Speed limit on I-70 through Glenwood Canyon to range from 30-60 mph depending on conditions
Glenwood Springs Post Independent
Speed limits through Glenwood Canyon will vary from 30-60 mph starting in November after new technology is installed to monitor conditions, the Colorado Department of Transportation said Monday.
CDOT said it will begin preliminary work on a project this fall meant to enhance safety on Interstate 70 through the canyon just east of Glenwood Springs, which is deemed particularly hazardous in bad weather. The variable speed limit project will install interconnected weather and road sensors, cameras, speed detection devices and speed limit message boards at 17 locations.
The work will be done across approximately 14 miles eastbound from about mile 117, just east of Glenwood Springs, to about mile 131; and approximately 15 miles westbound from roughly mile 131 to just past Exit 116. The equipment installation is planned through October.
Crews will strategically place and install technology that will monitor weather and traffic conditions and control speed limits where needed. This includes:
• Installing three stations for live monitoring and reporting of weather conditions.
• Installing 73 standard signs.
• Installing 17 new variable speed limit signs.
• Replacing five variable speed limit signs.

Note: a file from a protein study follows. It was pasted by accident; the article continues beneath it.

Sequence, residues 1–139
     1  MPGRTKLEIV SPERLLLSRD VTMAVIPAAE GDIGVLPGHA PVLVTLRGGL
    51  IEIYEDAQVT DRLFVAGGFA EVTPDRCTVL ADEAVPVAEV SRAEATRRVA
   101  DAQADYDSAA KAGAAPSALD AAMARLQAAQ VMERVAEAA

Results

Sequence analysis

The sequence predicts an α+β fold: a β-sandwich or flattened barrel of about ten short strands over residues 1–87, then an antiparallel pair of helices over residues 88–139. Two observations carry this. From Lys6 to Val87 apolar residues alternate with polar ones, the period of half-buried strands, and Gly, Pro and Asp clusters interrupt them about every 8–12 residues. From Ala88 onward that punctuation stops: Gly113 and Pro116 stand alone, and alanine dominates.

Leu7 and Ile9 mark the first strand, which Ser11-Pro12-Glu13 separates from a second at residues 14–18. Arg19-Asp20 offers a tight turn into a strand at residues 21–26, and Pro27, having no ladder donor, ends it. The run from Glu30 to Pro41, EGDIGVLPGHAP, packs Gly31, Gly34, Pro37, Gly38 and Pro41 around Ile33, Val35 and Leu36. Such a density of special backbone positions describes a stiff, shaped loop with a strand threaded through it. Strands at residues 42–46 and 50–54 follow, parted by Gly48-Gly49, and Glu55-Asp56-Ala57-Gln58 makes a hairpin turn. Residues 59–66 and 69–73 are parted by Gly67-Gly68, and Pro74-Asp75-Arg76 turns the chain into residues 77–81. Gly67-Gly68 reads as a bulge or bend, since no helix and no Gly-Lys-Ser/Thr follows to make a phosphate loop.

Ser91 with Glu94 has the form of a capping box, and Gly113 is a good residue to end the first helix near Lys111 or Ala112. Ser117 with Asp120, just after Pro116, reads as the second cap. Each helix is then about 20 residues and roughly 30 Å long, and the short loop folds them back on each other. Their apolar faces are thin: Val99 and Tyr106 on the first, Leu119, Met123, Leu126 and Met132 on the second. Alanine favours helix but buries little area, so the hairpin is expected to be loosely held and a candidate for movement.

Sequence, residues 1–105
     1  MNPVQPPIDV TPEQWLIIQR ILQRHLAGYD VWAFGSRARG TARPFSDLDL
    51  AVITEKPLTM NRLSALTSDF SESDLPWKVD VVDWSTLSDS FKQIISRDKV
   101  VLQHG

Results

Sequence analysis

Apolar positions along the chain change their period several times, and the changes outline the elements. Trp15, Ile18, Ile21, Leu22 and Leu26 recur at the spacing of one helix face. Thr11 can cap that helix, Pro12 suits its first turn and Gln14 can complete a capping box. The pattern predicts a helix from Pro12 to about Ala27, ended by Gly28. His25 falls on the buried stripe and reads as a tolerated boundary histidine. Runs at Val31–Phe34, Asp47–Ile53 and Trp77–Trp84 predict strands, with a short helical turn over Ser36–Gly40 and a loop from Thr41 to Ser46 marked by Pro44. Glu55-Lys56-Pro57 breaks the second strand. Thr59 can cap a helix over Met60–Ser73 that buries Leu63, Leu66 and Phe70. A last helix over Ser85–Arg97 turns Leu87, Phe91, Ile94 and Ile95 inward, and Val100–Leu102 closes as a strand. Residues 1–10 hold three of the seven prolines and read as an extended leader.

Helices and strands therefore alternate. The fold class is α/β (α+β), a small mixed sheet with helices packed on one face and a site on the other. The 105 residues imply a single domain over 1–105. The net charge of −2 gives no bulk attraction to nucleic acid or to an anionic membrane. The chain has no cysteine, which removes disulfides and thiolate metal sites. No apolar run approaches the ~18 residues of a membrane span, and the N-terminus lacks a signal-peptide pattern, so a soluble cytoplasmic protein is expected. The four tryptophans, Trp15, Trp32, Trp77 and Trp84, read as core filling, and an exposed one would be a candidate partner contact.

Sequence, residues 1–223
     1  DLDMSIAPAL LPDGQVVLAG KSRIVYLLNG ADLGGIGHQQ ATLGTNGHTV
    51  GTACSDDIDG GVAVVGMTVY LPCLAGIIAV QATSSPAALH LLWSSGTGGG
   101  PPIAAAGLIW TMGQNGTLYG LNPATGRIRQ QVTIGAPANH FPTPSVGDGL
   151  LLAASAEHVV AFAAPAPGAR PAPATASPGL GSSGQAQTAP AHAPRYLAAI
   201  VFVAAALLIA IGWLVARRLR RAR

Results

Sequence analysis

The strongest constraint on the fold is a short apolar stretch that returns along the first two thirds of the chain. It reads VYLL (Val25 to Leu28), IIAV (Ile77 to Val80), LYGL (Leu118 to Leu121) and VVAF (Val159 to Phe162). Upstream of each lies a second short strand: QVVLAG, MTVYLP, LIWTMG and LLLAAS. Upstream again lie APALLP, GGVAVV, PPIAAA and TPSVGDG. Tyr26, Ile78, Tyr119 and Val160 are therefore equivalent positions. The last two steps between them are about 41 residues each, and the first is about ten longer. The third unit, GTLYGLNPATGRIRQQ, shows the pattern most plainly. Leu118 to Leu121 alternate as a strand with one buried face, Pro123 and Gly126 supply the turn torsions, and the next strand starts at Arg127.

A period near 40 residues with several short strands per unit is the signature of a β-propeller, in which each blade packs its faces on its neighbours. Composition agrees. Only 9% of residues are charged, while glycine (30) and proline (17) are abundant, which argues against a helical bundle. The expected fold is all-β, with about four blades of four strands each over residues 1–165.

• Removing 38 existing static signs.
• Installing nine closed-circuit cameras for live monitoring of roadway conditions.
• Adding other surface and subsurface conduit and related equipment to guide the display of the variable speed limits.
CDOT said these changes will give drivers advance warning and generate a safer traffic flow to decrease accidents in the canyon.
The technology will increase the standard speed limit during good conditions to 60 mph for passenger vehicles and 50 mph for heavy vehicles (over 26,000 gross vehicle weight), in most areas of the canyon.
This technology — operated by people and the technology itself — will lower the speed limit to assist with incident management, conditions created by bad weather, and maintenance and construction. Traffic engineer Michael Curtis said that could go as low as 30 mph.
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